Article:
Acting on Impulse

Ever walked into a mall and left with more than you intended to? Recent insight on impulse buying suggests you’re not alone; in fact the research might just help you spot your own warning signs. The research identifies a few common traits that typify “impulse buyers”: in particular, they tend to be more social and more self-conscious.

This suggests that priming people to be more image-conscious can make them spend more, a fact not lost on mall designers. It’s well known that mirrors make us feel more self-conscious so it’s not surprising that malls have so many mirrors in them; brands can play this game too with simple ploys like mirror-ed outdoor used to good effect.

But given the research also highlights increased sociability as a common trait, what about social media’s role in impulse buying? Interestingly, research shows that the heaviest social media users are also the most insecure, so it would surely be safe to assume social media would be a hotbed of impulse buying. Not so, according to Yahoo! Research that argues social media is enabling more informed decision making. Apparently we’re convinced we’re making more informed, less impulsive choices thanks to the wealth of trusted information at our finger tips. But recent developments such as Twitter’s product cards or Groupon Now suggest that impulse buying is actually alive and well in social media.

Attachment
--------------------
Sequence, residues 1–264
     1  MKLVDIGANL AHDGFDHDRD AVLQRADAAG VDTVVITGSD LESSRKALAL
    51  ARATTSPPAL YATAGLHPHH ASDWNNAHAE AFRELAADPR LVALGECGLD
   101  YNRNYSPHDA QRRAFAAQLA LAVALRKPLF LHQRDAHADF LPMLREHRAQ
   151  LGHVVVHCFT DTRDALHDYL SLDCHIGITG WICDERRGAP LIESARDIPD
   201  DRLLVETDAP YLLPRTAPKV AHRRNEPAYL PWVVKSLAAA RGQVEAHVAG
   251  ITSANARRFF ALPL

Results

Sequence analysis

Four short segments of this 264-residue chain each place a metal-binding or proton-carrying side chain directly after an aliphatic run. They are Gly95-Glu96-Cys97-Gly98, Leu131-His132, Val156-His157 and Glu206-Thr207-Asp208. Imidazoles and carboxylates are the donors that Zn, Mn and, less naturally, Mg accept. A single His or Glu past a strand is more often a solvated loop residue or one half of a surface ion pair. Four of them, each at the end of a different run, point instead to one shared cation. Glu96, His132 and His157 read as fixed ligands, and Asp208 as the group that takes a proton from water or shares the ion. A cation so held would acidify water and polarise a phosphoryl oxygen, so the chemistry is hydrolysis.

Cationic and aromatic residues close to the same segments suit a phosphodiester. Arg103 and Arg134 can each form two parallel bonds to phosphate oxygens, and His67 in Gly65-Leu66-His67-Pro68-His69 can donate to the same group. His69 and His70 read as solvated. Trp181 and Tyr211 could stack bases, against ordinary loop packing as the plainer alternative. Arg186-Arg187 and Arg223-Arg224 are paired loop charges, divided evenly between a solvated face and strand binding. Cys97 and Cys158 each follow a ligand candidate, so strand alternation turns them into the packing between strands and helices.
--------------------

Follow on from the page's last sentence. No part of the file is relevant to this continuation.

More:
If impulse shoppers are more sociable and self-conscious, expect to see more retail marketing trying to play to this. Diesel’s social mirror was an early step in this direction. It looks a bit clunky by today’s standards but can be seen as the forbearer to apps like Pinxter that facilitate real time social feedback for in-store buying decisions.

To learn more about impulse buying, read the full article here

Date: October 24, 2013